During their time on Rivercrest Jersey Farm, the Fergus family worked for Charles and Myrtle Couche. It was an uncomfortable relationship at times due to differences in background and experience, economic status, and the oversize personalities of the Couches. In order to build an award-winning Jersey herd and keep their hobby dairy functioning day-to-day they desperately needed an experienced herdsman, Boyd. And under his experienced hand, the farm grew and attained nation-wide recognition with a 7-star bull and award-winning progeny bringing the Couche couple the money and recognition they craved within the Jersey Association.
While researching the family’s time on the Couche place I came across the following news article that gives a sense of what farm life with two out-of-depth city folk was like for our grandparents.
“…Sunday was a tough day on the Charles Couche farm at Sherwood. First, a valuable Jersey heifer died from eating too many green apples. Then Charley fell from the top of a new hay barn, suffering injuries of a nature that made both walking and sitting extremely painful. Then the farm herdsman [Boyd Fergus] went to the hospital with ulcers. Finally the phone started ringing with calls from worried cattle club members to find out if date of picnic had been changed after wrong date had appeared in newspaper. On top of all that, Mrs. Couche complained it was hot….” Oregonian, 8 August 1952
Mr. Couche enjoyed the status and bragging rights of owning the farm, but could be inept at the day-to-day farm tasks. He was also an aggressive bully at times, once tormenting a yearling bull calf to the point that it became a danger to itself, other livestock, and the herdsman and had to be put down. (See Soli) This behavior was not limited to animals. In this hostile work environment, Boyd’s health suffered under the stress of working for Mr. Couche, the physical demands of caring for so many cows with only his wife and young boys for help, and the taxing record-keeping needed with his 8th grade education.
I was curious to learn more about the infamous Mr. Couche and his wife Myrtle.
Born in Exeter, England on April 4, 1890, Charles came to the United States via Canada in 1915 with his first wife Loana and two daughters, Eleanor and Gladys. The family settled in Portland where Charles opened an advertising agency and quickly earned a reputation as a brilliant media marketing man. One of his early contracts was with the Majestic Theater, executing their $40,000 advertising contract with Goldwyn Pictures for weekly movie promotions.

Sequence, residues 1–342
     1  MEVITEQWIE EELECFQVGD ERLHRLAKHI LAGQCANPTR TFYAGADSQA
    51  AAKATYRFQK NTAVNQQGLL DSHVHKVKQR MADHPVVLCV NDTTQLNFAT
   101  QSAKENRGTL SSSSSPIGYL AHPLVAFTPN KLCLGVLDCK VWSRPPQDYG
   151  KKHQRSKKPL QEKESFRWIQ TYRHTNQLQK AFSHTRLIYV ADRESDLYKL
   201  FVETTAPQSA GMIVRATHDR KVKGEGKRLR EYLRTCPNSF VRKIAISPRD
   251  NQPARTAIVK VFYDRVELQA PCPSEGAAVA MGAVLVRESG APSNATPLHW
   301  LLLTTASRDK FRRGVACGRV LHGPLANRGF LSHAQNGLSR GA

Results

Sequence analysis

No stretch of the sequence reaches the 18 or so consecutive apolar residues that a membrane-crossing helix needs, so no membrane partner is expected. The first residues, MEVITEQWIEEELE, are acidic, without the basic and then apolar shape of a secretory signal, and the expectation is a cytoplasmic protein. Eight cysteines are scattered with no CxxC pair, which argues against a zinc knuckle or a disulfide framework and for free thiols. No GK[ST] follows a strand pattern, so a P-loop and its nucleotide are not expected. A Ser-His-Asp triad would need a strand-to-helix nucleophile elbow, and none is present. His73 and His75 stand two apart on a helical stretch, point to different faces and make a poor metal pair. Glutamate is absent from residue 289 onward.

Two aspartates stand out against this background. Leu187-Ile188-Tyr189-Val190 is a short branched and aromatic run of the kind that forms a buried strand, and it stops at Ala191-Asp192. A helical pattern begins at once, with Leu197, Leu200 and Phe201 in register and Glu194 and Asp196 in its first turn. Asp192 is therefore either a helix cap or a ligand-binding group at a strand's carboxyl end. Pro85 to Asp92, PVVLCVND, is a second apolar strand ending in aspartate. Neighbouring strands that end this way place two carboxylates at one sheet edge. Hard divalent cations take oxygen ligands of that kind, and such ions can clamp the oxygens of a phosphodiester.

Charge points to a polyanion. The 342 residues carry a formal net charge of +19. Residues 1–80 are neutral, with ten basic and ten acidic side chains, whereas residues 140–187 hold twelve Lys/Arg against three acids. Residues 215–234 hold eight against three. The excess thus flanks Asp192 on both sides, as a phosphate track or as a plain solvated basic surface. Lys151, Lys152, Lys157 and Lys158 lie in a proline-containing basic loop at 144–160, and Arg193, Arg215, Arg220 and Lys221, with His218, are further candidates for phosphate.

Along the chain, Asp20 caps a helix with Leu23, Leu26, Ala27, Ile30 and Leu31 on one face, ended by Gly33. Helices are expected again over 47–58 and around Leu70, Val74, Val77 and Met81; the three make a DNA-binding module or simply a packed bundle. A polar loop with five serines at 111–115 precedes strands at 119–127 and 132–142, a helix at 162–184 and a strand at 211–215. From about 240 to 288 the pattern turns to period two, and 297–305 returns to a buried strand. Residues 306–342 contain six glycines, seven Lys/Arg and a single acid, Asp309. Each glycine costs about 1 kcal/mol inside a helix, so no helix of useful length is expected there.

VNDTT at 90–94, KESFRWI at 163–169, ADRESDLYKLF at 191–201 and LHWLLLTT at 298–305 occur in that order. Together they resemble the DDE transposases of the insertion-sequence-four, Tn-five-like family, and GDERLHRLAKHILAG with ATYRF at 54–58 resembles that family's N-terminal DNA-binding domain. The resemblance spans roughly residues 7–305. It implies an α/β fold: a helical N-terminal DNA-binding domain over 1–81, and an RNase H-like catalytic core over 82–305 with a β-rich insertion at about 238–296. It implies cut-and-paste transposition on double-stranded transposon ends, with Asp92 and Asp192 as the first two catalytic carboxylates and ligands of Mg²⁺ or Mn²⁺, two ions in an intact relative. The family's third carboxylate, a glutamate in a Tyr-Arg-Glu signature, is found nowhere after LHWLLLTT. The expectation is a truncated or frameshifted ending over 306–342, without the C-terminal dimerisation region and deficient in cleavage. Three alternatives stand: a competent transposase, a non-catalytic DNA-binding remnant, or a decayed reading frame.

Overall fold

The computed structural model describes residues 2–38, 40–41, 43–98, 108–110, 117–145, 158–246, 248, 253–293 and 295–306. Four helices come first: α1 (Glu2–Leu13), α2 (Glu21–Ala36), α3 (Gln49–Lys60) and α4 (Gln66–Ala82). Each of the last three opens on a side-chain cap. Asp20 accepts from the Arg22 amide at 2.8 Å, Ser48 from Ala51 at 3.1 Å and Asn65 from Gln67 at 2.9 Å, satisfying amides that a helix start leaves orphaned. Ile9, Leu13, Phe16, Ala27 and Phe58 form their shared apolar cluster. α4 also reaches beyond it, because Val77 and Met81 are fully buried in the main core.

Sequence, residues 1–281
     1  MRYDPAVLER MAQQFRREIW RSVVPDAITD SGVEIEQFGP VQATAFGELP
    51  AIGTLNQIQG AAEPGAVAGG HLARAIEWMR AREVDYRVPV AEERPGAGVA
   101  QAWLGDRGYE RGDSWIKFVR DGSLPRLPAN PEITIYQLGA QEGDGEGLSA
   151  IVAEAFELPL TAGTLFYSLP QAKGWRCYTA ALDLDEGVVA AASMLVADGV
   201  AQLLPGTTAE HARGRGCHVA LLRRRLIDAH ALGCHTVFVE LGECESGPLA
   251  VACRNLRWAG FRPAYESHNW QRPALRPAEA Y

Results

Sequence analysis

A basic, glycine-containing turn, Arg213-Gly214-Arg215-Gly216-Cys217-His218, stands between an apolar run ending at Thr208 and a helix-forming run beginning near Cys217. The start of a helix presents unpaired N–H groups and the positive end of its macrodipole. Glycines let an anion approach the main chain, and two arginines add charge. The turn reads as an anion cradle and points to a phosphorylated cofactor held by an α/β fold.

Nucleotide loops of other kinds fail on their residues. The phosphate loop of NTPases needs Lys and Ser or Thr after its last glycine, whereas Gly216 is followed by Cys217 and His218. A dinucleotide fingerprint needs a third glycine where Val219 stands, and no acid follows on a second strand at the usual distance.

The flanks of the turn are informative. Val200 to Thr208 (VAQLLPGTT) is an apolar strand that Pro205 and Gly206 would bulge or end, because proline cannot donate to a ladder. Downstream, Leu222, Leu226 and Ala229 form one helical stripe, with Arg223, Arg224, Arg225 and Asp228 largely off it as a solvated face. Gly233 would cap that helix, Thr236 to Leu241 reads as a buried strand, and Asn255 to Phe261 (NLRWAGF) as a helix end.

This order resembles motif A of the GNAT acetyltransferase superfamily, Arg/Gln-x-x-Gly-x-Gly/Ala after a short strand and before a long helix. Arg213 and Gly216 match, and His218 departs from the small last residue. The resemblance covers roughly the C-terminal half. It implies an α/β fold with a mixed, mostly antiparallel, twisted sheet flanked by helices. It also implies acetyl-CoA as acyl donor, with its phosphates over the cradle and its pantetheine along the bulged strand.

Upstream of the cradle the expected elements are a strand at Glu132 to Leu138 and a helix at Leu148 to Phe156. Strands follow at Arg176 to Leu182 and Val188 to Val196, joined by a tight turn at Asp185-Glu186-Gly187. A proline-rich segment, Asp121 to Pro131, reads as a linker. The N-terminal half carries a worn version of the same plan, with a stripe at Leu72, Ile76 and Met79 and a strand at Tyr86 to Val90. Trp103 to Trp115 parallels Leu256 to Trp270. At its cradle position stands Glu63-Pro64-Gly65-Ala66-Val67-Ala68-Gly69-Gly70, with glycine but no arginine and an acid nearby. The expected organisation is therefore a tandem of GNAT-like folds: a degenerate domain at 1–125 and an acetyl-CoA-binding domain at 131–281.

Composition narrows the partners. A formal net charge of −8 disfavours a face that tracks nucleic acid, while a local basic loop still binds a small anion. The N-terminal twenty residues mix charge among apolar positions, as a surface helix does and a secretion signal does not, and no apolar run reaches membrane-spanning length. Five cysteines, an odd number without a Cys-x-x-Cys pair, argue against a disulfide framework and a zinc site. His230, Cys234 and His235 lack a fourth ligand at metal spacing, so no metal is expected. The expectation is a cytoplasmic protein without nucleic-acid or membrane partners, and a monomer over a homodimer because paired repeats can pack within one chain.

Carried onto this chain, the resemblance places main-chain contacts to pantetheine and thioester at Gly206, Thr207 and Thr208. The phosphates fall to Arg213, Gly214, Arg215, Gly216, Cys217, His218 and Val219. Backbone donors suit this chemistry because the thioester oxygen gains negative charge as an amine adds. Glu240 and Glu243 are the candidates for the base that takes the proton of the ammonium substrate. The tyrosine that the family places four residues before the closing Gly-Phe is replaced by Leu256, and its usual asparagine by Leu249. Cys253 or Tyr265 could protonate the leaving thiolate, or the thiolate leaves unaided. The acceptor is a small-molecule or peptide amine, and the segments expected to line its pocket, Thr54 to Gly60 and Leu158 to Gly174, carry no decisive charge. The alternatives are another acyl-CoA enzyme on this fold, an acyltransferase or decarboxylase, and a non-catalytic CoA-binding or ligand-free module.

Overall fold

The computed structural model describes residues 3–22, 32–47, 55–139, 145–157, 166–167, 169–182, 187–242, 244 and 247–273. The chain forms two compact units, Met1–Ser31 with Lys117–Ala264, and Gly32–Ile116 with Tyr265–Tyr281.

In 1918 Charles and local artist F.H. Clark took third place for their Liberty loan poster design in a hotly contested competition among the best advertising men in the seven western states region. Their poster, “The Prussian Brute” showed a German figure in the act of stealing a baby from the arms of its Belgian mother while in the background the Yankees are shown going over the top of the hill. His chief object, as quoted in the August 9, 1918 edition of the Oregonian was “to sell the war.”
He was also active with the local YMCA volleyball team, learned to drive and bought himself the latest model of the Scripps-Booth six touring car, planned local movie-themed balls and fundraisers, judged essay contests, and taught advertising classes. All this activity and community involvement cost him his first marriage in 1924 when his wife sued for divorce on the basis of desertion. After his divorce was final he married Myrtle Forbes.
In 1935 he saw a future in radio and took a job as the advertising and promotions director for radio stations KALE and KOIN. He continued to climb the ladder of success until he retired from the industry in 1947, as the general manager of KALE. It was about 1944 that the Couche’s decided to dabble in the dairy industry. Their talents were immediately put to use; Charles heading up the state club publication committee and Myrtle applying her talents as editor of the Oregon Jersey Review magazine. In 1945 they took a calculated risk in purchasing a yearling bull (Basil Stan Lilac Romulus King) from the C.W. Sherman stock farm in Scappoose, Or. He had an impeccable pedigree and within four years proved his worth by siring 23 daughters whose quantity of milk and percentage of butterfat per pound set new records. In 1949 he gained his 7-star rating, one of only eleven 7-star bulls in the United States at the time and was sold to Oklahoma A & M for the substantial sum of $2000 for use in their artificial insemination service. Never one to pass up a promotional opportunity, Mr. Couche launched an ad campaign benefiting Rivercrest Farm under the name “What One Bull Did for Us” and used it to promote and advertise not only his farm but increase the sales prices of the jerseys he sold.
The Couche’s continued to work their influence on the state level sponsoring 4-H contests, hosting club picnics, organizing tours for visiting Jersey dignitaries for the yearly meeting culminating in what fellow Jersey members believed was the organization’s crowning achievement; a contract and ad campaign with Fred Meyer stores to sell milk and other dairy products made from Jersey milk under the All-Jersey trade name owned by the Oregon Jersey Cattle Association.
Between 1955 and 1957 Charles and Myrtle Couche began the process of retiring. Ending their work with the Oregon Jersey Cattle Association and selling their herd. They purchased a property management company in Lake Grove, OR where Myrtle kept the books and Charles, only semi-retired, turned his talents to the budding filbert industry and thoughts of nationwide promotion. He died in 1965, while Myrtle 6 years younger, died in 1982.